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Watauga Red Cross Charity Profile
On November 20, 1917 a group of concerned citizens convened to discuss and conceive the Watauga County chapter of the American Red Cross, in response to a nationwide campaign to elicit 15,000,000 members. That day, a petition for authority to form a chapter was signed by the following citizens: R.C. Rivers, George Hagaman, Tom Miller, M.B. Blackburn, E.F. Lovill, F.A. Linney, W.C. Coffee, Lon Payne, Pearl Hodges, Sallie Rivers, and H.E. Coffee. Upon approval from the Manager of the Southern Division of the Red Cross in Atlanta, W.L. Peel, the Watauga County, N.C. Chapter was born. During these infant years of the chapter, R.C. Rivers served as its Chairman, Miss Pearl Hodges as Treasurer, Mrs. H.E. Coffee as Secretary, and George Hagaman as Chairman of the Finance Committee.
On December 6 of that year, R.C. Rivers, the proprietor of the Watauga Democrat, printed a public announcement of the national Red Cross campaign. The 450-member quota assigned to the Watauga County chapter was announced, and Professor I.G. Greer was identified as the Chairman of the local Campaign Committee. In the next edition of the paper, Rivers issued this plea to the citizens of the community:
Join the Red Cross. The American Red Cross is offering every one, rich and poor alike, a chance to contribute personally to the Christmas spirit of the enlightened world. At such an anomalous season - when there is not peace on earth, when good will toward man is mocked by death-dealing cannon and blood-stained steel - what could be more blessed than to comfort and cheer the suffering thousands of Liberty's defenders in the hospitals behind the battle lines?
To relieve the suffering of the wounded and to salvage battered human wrecks is the primary function of the Red Cross. Let us not forget that very soon our own boys in large numbers will be carried in Red Cross ambulances to Red Cross hospitals, there to receive every care scientific Red Cross methods afford.
Where a few millions will start for "over there," many more millions must remain at home. To these latter the Red Cross, in its drive for 10,000,000 new members between December 16 and December 25, offers the best form of stay-at-home service - membership in and cooperation with the Red Cross. It urges that you join the Red Cross and then influence others to join by displaying from your home, your office, your store, or your factory the Red Cross service flag, which bears one small red cross for each member where the flag is displayed.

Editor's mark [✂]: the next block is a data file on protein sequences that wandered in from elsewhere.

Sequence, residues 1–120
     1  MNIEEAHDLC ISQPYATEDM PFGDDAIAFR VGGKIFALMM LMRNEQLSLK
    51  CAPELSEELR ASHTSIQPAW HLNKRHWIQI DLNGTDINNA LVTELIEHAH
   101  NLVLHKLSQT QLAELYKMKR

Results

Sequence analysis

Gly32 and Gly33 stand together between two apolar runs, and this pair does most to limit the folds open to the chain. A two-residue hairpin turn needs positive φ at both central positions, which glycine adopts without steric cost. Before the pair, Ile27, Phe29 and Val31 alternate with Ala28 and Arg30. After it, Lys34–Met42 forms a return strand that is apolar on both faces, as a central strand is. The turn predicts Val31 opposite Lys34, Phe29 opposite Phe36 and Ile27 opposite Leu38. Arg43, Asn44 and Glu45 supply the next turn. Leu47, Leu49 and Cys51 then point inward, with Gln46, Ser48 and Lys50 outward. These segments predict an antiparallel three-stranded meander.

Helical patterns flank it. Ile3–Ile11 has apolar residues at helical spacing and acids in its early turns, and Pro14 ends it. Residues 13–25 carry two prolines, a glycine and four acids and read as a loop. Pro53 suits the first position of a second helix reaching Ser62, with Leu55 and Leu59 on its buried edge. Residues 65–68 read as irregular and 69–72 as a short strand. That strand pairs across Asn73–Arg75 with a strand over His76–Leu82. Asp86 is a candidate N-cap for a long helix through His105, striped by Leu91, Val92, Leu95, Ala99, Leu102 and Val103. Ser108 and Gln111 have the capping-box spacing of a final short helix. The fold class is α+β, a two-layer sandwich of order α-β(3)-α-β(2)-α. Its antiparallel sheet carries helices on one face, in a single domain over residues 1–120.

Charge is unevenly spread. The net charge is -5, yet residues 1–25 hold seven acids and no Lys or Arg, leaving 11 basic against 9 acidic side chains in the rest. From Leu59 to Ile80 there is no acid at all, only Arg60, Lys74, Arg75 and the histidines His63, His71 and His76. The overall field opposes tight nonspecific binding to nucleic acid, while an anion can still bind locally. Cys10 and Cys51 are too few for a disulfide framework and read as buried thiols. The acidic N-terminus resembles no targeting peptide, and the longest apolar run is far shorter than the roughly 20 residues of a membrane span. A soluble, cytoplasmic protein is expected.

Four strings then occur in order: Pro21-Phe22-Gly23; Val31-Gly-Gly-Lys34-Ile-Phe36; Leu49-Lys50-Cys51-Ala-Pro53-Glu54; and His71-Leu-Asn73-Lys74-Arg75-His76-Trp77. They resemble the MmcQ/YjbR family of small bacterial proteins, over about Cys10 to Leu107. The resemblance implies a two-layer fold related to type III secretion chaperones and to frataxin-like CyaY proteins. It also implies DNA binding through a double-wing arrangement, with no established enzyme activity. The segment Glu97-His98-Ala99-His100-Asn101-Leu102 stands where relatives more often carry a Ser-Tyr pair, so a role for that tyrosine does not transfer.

Isn't it worth a dollar to you to know that you are privileged to fly the service flag and that you are helping - even in a small way - to lessen the agony of the boys in the trenches?
Also included in this issue of the Democrat, were a statement from Woodrow Wilson, the President of the American Red Cross at that time, and a letter from Professor Greer announcing his campaign plan. Greer requested that each school district in the county challenge itself to obtain at least eight members to reach the goal of 450 for the chapter. Teachers were asked to organize their classes to attain this goal by Christmas, and thereby provide Christmas cheer to the "millions of other boys across the water." Greer also suggested to people who did not have a Red Cross organization in their community that they might send their money and support this Chapter, who would then accept them as a member. The cost of joining the Red Cross was one dollar, fifty cents of which was sent to national headquarters, where the each person would officially be registered as a member, and fifty cents would stay in the community to further war efforts of the chapter.
The results of this campaign were not listed in the Democrat, to the author's knowledge. However, a second war fund campaign was brought to life in May of 1917, headed again by Professor Greer. In the May 2 edition of the Democrat, Greer announced the national Red Cross campaign to raise $100,000,000 and the appointment of the following Committees: N.L. Mast, Employee's Solicitation Committee; T.B. Moore, Publicity Committee; Mrs. W.H. Wagner, Women's Committee; Executive Committee for the County, W.S. Miller, W.L. Councill, Rev. S.L. Owen, John Sherrill, Rev. J.N. Atkins, and Henry Hagaman.
Two weeks after the announcement of this campaign and the organization of the committees to oversee it, Greer wrote the following letter to the community and had it printed in that week's edition of the Democrat: